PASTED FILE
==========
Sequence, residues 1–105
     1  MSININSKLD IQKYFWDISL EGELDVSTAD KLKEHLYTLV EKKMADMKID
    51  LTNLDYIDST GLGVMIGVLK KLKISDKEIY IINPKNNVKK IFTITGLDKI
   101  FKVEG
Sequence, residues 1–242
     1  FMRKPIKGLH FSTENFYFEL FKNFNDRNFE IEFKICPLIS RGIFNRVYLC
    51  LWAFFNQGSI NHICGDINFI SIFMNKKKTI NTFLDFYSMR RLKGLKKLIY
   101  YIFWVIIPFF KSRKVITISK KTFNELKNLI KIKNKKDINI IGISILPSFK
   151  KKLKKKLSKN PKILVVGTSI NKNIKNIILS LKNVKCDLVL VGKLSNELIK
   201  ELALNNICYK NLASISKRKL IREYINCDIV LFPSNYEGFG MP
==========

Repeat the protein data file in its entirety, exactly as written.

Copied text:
Sequence, residues 1–105
     1  MSININSKLD IQKYFWDISL EGELDVSTAD KLKEHLYTLV EKKMADMKID
    51  LTNLDYIDST GLGVMIGVLK KLKISDKEIY IINPKNNVKK IFTITGLDKI
   101  FKVEG
Sequence, residues 1–242
     1  FMRKPIKGLH FSTENFYFEL FKNFNDRNFE IEFKICPLIS RGIFNRVYLC
    51  LWAFFNQGSI NHICGDINFI SIFMNKKKTI NTFLDFYSMR RLKGLKKLIY
   101  YIFWVIIPFF KSRKVITISK KTFNELKNLI KIKNKKDINI IGISILPSFK
   151  KKLKKKLSKN PKILVVGTSI NKNIKNIILS LKNVKCDLVL VGKLSNELIK
   201  ELALNNICYK NLASISKRKL IREYINCDIV LFPSNYEGFG MP